Official Launch of the Boschfontein Sexual Offences Court

The Rape Survivors’ Justice Campaign (RSJC) welcomes the official launch of the Boschfontein Sexual Offences Court on 24 March 2017 by the Department of Justice and Constitutional Development. The RSJC holds government accountable for the promised rollout of sexual offences courts across the country in order to ensure that survivors of sexual offences have access to such a specialised court. In the light hereof, we applaud government for honouring its commitment.

However, we note with concern that there are still, according to the Department of Justice and Constitutional Development’s official website, only 49 sexual offences courts nationally. This means that the vast majority of communities still do not have access to a survivor-centred criminal justice system to address sexual offences. One such community is Khayelitsha, where we gathered during 16 Days of Activism 2016 to demand that a sexual offences court be established to serve this community. Unfortunately it is still unclear when this will happen.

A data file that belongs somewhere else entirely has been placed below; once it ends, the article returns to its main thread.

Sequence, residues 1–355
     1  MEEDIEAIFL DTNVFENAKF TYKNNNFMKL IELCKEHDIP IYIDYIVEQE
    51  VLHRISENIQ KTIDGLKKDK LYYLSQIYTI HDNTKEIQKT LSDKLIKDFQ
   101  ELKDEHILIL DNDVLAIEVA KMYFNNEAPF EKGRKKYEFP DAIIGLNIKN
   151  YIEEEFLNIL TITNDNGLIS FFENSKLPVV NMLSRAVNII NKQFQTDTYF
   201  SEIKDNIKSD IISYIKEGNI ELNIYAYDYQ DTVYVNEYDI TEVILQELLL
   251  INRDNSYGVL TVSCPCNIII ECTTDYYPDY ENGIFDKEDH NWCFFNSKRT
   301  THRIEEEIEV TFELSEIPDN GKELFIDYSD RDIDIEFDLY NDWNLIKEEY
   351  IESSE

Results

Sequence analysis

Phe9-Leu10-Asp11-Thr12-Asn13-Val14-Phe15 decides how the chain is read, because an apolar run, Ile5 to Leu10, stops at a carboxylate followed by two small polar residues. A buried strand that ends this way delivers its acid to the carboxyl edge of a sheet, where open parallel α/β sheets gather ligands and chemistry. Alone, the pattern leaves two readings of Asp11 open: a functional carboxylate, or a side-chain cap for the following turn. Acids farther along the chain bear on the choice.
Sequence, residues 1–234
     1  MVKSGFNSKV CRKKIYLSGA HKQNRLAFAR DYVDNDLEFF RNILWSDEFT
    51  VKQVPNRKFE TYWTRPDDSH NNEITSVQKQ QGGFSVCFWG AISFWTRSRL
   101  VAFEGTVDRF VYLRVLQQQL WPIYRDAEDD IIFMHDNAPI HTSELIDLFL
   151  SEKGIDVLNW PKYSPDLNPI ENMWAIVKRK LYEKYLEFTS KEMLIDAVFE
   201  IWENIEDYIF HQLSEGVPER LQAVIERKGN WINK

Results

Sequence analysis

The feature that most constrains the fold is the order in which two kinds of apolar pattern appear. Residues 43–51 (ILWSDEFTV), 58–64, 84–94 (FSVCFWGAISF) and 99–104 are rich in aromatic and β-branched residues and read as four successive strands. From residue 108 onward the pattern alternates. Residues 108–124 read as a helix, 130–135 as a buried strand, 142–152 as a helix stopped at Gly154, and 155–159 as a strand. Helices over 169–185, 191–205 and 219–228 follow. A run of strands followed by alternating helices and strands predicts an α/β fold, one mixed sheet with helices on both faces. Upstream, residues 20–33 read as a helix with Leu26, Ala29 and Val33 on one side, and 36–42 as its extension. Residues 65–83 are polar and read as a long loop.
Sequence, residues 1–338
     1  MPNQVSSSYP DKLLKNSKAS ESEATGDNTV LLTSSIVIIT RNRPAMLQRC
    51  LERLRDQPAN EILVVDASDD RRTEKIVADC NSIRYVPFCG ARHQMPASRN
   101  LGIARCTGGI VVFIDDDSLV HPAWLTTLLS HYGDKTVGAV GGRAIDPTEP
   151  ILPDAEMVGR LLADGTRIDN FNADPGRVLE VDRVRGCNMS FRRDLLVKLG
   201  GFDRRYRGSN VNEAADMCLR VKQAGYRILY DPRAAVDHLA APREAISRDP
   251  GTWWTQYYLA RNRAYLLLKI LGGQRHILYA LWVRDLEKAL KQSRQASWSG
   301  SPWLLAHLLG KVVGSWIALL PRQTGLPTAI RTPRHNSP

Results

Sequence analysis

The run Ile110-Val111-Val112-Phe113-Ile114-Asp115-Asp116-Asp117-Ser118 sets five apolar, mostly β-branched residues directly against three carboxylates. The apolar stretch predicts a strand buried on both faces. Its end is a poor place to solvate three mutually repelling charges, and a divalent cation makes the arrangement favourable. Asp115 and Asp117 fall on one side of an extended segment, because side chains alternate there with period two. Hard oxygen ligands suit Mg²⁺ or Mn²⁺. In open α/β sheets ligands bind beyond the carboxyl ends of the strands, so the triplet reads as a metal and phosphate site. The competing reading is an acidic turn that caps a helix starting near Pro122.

The RSJC (Rape Survivors’ Justice Campaign) calls on the South African Government to put the necessary legislation into effect so that the courts are re-established within a framework that is clear and transparent. We are also asking:

  • that government develop a fully costed plan to make sure these courts are delivered within a clear timeframe,
  • that government prioritise the areas with the highest rates of sexual assault and roll out Sexual Offences Courts there first
  • that government ensure the necessary budget for establishing these courts is allocated annually until all 298 courts are in place and functional
  • That all established courts meet the criteria for a sexual offences court and remain fully functional

To support our demand access to Sexual Offences Courts for all survivors, please go to http://bit.ly/2frRPYU. If you want to follow the activities of the RSJC and support us, please visit Facebook at RSJC.

 

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Jeanne Bodenstein

Jeanne is the Advocacy Coordinator at the Rape Crisis Cape Town Trust and heads the Rape Survivors’ Justice Campaign. She likes wine, pizza and recently started growing herbs.

Empowering women to advocate for change in South Africa

This year’s theme for International Women’s Day is #BeBoldForChange. Rape Crisis Cape Town Trust has embodied this by launching our Rape Survivors’ Justice Campaign in 2016 to lobby for a significant change in how South Africa’s criminal justice system deals with sexual offences cases. The Rape Survivors’ Justice Campaign calls for access to sexual offences courts for all survivors and holds the government accountable for the national rollout of these courts, as was promised in 2013.